Programme OS4c Modelling and information
Application of multi-agent systems and ambient intelligence approaches in
Author(s): Peter Mikulecký, Daniela Ponce, Kamila Olsevicova, Jiri Haviger, Agata Bodnarova
University of Hradec Kralove
Informatics and Management
50003 Hradec Kralove
Keyword(s): water management, multi-
agent systems, ambient intelligence
Session: OS4c Modelling and information
of complex systems, interdependencies and heterogeneity of biophysical environment often lead to what are called
nonconvexities – an irregular and rugged abstract surface describing the relationship between the parameters of the
system and possible outcome states.
Interrelated socioeconomic and biophysical processes can be represented at
multiple scales which means that we incorporate complexity in natural resource use modelling.
and water is essential for capturing the dynamics of interrelated biophysical systems and it is itself a complex
Artificial life techniques are useful for incorporating complexity in ecosystem modelling in general. By
incorporating a high degree of social and spatial heterogeneity multi-agent systems could also represent “nested
hierarchies” and phenomena emerging across different scales. Artificial Life is also an appropriate approach for
capturing spatial phenomena in biophysical modelling. AL allows for the investigation of lower-level mechanisms that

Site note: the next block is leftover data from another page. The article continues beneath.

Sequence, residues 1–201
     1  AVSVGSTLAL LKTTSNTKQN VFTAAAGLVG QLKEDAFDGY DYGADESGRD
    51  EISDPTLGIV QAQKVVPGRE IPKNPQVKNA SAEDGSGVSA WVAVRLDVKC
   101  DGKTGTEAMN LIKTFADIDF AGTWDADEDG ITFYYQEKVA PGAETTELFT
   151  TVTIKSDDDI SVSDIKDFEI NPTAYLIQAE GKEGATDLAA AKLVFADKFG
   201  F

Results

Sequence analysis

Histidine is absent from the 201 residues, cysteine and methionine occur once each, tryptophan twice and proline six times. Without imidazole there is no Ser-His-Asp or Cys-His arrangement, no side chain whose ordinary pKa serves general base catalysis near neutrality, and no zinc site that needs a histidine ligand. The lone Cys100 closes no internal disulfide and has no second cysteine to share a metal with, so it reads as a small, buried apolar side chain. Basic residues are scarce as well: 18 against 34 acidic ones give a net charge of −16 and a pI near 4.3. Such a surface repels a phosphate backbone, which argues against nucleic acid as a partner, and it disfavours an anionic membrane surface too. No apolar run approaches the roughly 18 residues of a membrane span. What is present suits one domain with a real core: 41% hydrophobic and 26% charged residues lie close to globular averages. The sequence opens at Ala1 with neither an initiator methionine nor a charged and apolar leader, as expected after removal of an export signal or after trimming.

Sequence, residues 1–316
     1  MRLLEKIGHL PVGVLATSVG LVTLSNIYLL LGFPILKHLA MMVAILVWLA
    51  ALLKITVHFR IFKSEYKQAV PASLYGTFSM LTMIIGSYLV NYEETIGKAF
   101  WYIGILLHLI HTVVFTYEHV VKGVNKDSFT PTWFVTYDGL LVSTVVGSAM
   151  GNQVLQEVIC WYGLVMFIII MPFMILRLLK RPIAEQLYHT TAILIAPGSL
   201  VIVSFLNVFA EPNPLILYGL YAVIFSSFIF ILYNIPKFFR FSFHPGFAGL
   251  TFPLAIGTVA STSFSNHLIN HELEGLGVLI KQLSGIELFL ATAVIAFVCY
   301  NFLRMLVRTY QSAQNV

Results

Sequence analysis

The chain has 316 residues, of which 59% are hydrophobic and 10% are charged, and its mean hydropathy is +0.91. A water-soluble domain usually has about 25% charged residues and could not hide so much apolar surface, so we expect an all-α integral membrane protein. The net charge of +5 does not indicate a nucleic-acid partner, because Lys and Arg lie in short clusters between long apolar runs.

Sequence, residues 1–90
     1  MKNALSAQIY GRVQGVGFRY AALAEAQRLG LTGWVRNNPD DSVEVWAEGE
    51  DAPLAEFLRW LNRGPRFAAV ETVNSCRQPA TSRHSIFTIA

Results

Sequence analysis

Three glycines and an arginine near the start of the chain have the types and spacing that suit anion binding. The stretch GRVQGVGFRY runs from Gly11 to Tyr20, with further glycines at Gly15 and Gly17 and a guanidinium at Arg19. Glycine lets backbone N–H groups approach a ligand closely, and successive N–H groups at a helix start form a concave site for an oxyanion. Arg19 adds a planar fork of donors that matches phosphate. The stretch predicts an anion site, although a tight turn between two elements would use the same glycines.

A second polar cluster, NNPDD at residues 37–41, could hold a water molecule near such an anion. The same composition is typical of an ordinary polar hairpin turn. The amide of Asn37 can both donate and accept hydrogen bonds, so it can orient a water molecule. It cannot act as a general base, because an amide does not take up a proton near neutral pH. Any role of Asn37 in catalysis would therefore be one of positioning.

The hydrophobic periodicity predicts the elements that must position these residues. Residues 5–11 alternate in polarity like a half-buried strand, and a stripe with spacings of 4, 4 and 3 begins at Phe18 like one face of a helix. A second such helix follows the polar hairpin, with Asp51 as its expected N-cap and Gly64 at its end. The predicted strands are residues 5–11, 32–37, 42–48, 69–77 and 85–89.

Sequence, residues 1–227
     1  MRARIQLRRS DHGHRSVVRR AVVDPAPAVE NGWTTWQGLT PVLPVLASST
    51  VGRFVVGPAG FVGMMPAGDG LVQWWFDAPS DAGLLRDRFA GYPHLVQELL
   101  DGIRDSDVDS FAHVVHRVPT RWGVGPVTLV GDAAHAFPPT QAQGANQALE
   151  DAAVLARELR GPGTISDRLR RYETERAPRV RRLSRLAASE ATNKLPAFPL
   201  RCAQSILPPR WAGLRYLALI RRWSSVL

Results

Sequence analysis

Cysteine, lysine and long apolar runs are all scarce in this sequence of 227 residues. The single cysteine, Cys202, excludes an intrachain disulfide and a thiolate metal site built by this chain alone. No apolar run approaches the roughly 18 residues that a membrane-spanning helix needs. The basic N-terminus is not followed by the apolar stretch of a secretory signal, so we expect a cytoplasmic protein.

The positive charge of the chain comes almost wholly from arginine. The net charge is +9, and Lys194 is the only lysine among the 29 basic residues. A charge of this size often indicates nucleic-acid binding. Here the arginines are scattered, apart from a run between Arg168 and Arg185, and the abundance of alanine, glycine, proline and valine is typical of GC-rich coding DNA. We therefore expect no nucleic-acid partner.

might lead to the development of higher-level structural and dynamical features in landscapes.
techniques, such as Cellular Automata (CA) and Markov Models have been applied to landscape modelling as well.
The basic units for modelling locally interacting “objects” are cells on a grid, whose transition rules include their
previous state and the state of the neighbouring cells. Advanced models use Geographical Information Systems
(GIS) to store information about the state of cells in a landscape and feed this information back into the CA. The
method of CA can also be used to represent the interactions of humanlike agents in physical or social space.
Typically, the agents occupy positions on a two-dimensional grid of cells and the distances between them influence
their interactions. Some authors employ a CA framework, which can be directly linked to soil information and
Biophysical simulation models are usually calibrated at the micro-level whereas economic
models operate at a rather aggregate level. Aggregating the biophysical data so as to link it to an economic model
implies a considerable loss of statistical information. An integrated multi-agent system can, in principle, be structured
so as to perfectly match the scale and structure of available data. This is a very interesting aspect because data
disaggregation procedures are currently being developed that will help to infer micro behaviour from aggregate data
consistently. Socioeconomic and biophysical data collections at multiple spatial and temporal scales might then be
generated and fed into a multiple-agent programming model.
The paper will be oriented on summarization of
recent results in multi-agent systems application in various sub-areas of water management. As multi-agent systems
are very suitable also as a framework for ambient intelligence environment, some first ideas about exploitation of
these approaches in water management and especially for river basin management will be presented as well. All the
results are based on a series of ongoing mutually interconnected research projects.